Commands using exec (28)

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An alternative to: python -m SimpleHTTPServer for Arch Linux
An alternative to: python -m SimpleHTTPServer for Arch Linux source: http://archlinux.me/dusty/2010/01/15/simplehttpserver-in-python-3/

Which processes are listening on a specific port (e.g. port 80)
swap out "80" for your port of interest. Can use port number or named ports e.g. "http"

Empty a file
The downside of output redirection is that you need permissions. So something like $ > file won't play nicely w/ sudo. You'd need to do something like $ bash -c '> file' instead, you could go w/ $ sudo truncate -s0 file

Temporarily ignore mismatched SSH host key
This command will bypass checking the host key of the target server against the local known_hosts file. When you SSH to a server whose host key does not match the one stored in your local machine's known_hosts file, you'll get a error like " WARNING: REMOTE HOST IDENTIFICATION HAS CHANGED!" that indicates a key mismatch. If you know the key has legitimately changed (like the server was reinstalled), a permanent solution is to remove the stored key for that server in known_hosts. However, there are some occasions where you may not want to make the permanent change. For example, you've done some port-forwarding trickery with ssh -R or ssh -L, and are doing ssh user@localhost to connect over the port-forwarding to some other machine (not actually your localhost). Since this is usually temporary, you probably don't want to change the known_hosts file. This command is useful for those situations. Credit: Command found at http://linuxcommando.blogspot.com/2008/10/how-to-disable-ssh-host-key-checking.html. Further discussion of how it works is there also. Note this is a bit different than command #5307 - with that one you will still be prompted to store the unrecognized key, whereas this one won't prompt you for the key at all.

Make a statistic about the lines of code
use find to grep all .c files from the target directory, cat them into one stream, then piped to wc to count the lines

copy/mkdir and automatically create parent directories
The --parents option will cause cp or mkdir to automatically create the parent directory structure. $mkdir --parents /one/two/three/dir will create /one, /one/two, and /one/two/three as needed before creating dir. cp will copy files with their full directory structure into the target directory with this option. Thanks to Peter Leung at: http://linuxcommando.blogspot.com/2007/11/use-of-parents-flag-in-mkdir-and-c.html which has good examples of usage.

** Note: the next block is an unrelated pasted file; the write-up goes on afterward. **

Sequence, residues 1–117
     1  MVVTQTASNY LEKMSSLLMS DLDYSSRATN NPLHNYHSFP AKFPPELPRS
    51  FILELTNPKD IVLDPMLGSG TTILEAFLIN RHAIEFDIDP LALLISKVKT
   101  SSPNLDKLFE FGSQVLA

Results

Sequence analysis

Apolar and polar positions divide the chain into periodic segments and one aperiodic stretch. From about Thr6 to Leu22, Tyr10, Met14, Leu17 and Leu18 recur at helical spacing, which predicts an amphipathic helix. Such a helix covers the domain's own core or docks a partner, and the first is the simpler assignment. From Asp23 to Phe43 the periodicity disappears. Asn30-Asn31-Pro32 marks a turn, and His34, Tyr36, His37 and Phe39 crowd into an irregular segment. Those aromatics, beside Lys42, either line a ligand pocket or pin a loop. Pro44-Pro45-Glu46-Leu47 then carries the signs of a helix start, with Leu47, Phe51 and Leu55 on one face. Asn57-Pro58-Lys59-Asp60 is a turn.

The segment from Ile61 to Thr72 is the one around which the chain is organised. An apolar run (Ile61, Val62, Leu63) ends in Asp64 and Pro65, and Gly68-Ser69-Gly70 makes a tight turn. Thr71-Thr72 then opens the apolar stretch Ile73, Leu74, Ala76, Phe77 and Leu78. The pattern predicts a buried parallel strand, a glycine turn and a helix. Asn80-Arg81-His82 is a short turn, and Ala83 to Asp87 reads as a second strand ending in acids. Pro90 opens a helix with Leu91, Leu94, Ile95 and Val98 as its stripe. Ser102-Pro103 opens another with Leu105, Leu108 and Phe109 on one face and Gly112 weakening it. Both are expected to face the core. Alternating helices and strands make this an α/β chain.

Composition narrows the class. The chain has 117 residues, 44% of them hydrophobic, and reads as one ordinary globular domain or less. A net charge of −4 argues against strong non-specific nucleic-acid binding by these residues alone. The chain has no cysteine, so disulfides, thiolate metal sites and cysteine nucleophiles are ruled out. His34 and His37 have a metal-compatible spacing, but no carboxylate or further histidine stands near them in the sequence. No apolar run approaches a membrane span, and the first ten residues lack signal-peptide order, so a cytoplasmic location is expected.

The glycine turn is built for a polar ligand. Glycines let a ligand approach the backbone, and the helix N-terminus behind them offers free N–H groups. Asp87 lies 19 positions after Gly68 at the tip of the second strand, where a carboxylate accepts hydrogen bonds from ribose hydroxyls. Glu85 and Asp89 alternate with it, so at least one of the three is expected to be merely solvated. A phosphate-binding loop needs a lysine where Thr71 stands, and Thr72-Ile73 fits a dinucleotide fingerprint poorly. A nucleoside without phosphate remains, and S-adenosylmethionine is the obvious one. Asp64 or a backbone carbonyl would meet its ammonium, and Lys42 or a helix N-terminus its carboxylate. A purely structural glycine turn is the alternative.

Get AWS temporary credentials ready to export based on a MFA virtual appliance
You might want to secure your AWS operations requiring to use a MFA token. But then to use API or tools, you need to pass credentials generated with a MFA token. This commands asks you for the MFA code and retrieves these credentials using AWS Cli. To print the exports, you can use: `awk '{ print "export AWS_ACCESS_KEY_ID=\"" $1 "\"\n" "export AWS_SECRET_ACCESS_KEY=\"" $2 "\"\n" "export AWS_SESSION_TOKEN=\"" $3 "\"" }'` You must adapt the command line to include: * $MFA_IDis ARN of the virtual MFA or serial number of the physical one * TTL for the credentials

display systemd log entries for sshd using "no-pager" (a bit like in pre-systemd: grep sshd /var/log/messages)
In pre-systemd systems, something like: "# grep sshd /var/log/messages" would display log events in /var/log/messages containing "sshd". # journalctl -u sshd --no-pager The above command displays similar results for systemd systems. (Note that this needs to be run with root permissions to access the log data.)

list block devices
Shows all block devices in a tree with descruptions of what they are.

Recursively remove all empty directories


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